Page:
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"Not Going To Put My Lot in With Economists":

From ABC News This Week on Sunday, an exchange about Sen. Hillary Clinton's gas tax suspension plans:

[George Stephanopoulos:] But economists say that's not going to happen. They say this is going to go straight into the profits of the oil companies, they're not going to actually lower their prices. And the top two leaders in the House are against it. Nearly every editorial board and economists in the country has come out against it. Even a supporter of yours, Paul Krugaman of 'The New York Times" calls it pointless and disappointing. Can name one economist, a credible economist who supports this suspension?

[Clinton:] Well, you know, George, I think we've been, for the last seven years, seeing a tremendous amount of government power and elite opinion basically behind policies that haven't worked well for the middle class and hard-working Americans. From the moment I started this campaign, I've said that I am absolutely determined that we are going to reverse the trends that have been going on in our government and in our political system. Because what I have seen is that the rich have gotten richer. A vast majority, I think something like 90% of the wealth gains over the last seven years have gone to the top 10% of wage earners.

[Stephanopoulos:] But can you name an economist who thinks this makes sense?

[Clinton:] Well, I'll tell you what, I'm not going to put my lot in with economists. Because I know if we did it right, if we actually did it right, if we had a president who used all the tools of the presidency, we would design it in such a way that it would be implemented effectively....

Thanks to Wall Street Journal's Best of the Web for the pointer.

Joe Kowalski (mail):
So, for all of Hillary's experience, she's learned more about economics and sound economic policy than people who've made an academic &practical study of it for decades? I smell a Democratic version of George Bush.
5.5.2008 8:05pm
tdsj:
If there is any justice in the world, she will lose votes over this gas tax nonsense.
5.5.2008 8:21pm
lurker-999 (mail):
" ... if we did it right, if we actually did it right, if we had a president who used all the tools of the presidency, we would design it in such a way that it would be implemented effectively...."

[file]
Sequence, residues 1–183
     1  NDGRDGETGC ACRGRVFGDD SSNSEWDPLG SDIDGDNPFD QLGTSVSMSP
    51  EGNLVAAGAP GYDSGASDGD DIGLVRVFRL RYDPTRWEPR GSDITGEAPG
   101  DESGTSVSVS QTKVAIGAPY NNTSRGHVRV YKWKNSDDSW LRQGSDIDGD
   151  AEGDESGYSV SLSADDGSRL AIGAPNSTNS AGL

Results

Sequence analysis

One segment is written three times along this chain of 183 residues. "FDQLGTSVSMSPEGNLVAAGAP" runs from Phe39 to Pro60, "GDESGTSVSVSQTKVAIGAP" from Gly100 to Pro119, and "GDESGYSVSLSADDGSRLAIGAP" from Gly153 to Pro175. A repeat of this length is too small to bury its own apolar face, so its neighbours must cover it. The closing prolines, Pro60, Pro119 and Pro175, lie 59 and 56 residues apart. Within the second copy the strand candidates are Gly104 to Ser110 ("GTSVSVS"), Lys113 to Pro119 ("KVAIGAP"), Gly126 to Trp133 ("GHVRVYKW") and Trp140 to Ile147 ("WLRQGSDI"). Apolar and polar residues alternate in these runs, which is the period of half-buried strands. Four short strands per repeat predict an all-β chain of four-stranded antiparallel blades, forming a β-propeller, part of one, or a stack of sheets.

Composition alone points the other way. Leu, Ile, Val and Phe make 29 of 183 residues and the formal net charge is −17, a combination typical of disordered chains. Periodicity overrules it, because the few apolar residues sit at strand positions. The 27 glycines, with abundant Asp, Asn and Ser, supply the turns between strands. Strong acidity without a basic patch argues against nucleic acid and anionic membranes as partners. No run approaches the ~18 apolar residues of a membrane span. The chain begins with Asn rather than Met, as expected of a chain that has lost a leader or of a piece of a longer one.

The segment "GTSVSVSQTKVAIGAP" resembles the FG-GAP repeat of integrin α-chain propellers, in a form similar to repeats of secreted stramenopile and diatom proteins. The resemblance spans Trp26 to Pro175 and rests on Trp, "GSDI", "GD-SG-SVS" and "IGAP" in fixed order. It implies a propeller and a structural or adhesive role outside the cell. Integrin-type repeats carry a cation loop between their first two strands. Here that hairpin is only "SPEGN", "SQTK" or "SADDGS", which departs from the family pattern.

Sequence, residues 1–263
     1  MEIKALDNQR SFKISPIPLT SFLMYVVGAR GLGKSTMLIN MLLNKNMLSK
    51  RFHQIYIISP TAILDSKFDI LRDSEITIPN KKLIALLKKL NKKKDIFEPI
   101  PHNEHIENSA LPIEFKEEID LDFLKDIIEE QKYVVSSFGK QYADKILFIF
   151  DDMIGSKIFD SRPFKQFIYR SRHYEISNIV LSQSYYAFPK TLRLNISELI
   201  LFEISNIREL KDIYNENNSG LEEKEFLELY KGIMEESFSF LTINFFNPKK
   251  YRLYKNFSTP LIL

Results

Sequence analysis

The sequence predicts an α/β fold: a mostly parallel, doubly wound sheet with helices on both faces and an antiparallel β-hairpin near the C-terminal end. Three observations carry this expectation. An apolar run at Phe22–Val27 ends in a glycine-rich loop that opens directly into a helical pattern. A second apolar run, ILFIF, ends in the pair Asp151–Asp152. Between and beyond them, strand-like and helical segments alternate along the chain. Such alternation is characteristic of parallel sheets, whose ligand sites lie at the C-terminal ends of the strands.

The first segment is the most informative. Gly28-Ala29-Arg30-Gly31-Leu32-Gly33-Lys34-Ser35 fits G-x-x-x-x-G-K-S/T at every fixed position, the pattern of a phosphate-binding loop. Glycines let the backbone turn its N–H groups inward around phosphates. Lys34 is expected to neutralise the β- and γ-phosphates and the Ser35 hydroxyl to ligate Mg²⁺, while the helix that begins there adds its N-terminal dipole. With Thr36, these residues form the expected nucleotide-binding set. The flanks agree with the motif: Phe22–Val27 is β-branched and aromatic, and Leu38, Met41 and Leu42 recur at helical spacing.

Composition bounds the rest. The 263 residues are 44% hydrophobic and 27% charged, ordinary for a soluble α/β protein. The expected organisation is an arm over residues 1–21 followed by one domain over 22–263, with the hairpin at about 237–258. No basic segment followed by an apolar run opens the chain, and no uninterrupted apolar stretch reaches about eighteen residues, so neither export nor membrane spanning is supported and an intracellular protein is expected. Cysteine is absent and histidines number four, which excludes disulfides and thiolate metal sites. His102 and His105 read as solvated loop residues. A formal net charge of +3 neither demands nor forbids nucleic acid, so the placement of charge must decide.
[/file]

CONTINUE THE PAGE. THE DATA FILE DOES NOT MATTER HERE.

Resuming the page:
Is it just me, or does that quote sound positively Stalin-esque? (independent of the context, independent of what "it" happens to be).
5.5.2008 8:22pm
The Cabbage (mail):
Hey, she knows that some elite opinions of what's best for America turn out to harm the middle-class.

Like universal health care.
5.5.2008 8:29pm
EH (mail):
She's looking for a wedge issue for the little guy. Can't blame her even if her choice in salients is lacking. She probably figures that if inconsequential handouts work with Bush's $3/600 checks she might have a chance with it.
5.5.2008 8:32pm
Dilan Esper (mail) (www):
It doesn't say much for the state of American liberalism that we have gone from (correctly) bashing on Spiro Agnew's anti-intellectualism to having one of our 2 remaining presidential candidates telling us that she doesn't care what economists think about economic policies.

It's the type of thing that almost makes one want to become a conservative.
5.5.2008 8:33pm
Ak:
She's the new "decider". Mission soon to be accomplished!
5.5.2008 8:35pm
rarango (mail):
Neither HRC nor John McCain have covered themselves in glory with this sorry excuse for policy on the gas tax thing. Obama's overall tax policy is equally bad. I do fear for the republic because we are going to be stuck with one of these three turkeys as President.
5.5.2008 8:39pm
Bruce Hayden (mail) (www):
But economists say that's not going to happen. They say this is going to go straight into the profits of the oil companies, they're not going to actually lower their prices. And the top two leaders in the House are against it. Nearly every editorial board and economists in the country has come out against it. Even a supporter of yours, Paul Krugaman of 'The New York Times" calls it pointless and disappointing. Can name one economist, a credible economist who supports this suspension?
I like the way this starts off, with "economists say". Not all of them, or how many of them, but that "economists say". I would suspect that I could find economists who would say that the earth was flat, or that communism works. That this guy was press secretary for her husband does not say a lot for said husband's ability to pick talent.

Presumably, he is talking about suspending the gas tax. And precisely how is that going to go directly to the oil company profits? Are they going to raise their wholesale prices accordingly? That much collaboration would seem to impact the antitrust laws, if nothing else. And maybe even the laws of economics. Oh, I forgot that "economists say" this.

The most important fact he gave, of course, was that the two top (Democratic) leaders in the House were opposed. But of course, they also oppose any other tax cuts too, unless compensated by a bigger offsetting tax increase. After all, how can they expect to increase government spending with tax cuts (oh, wait, maybe because tax revenues increase...)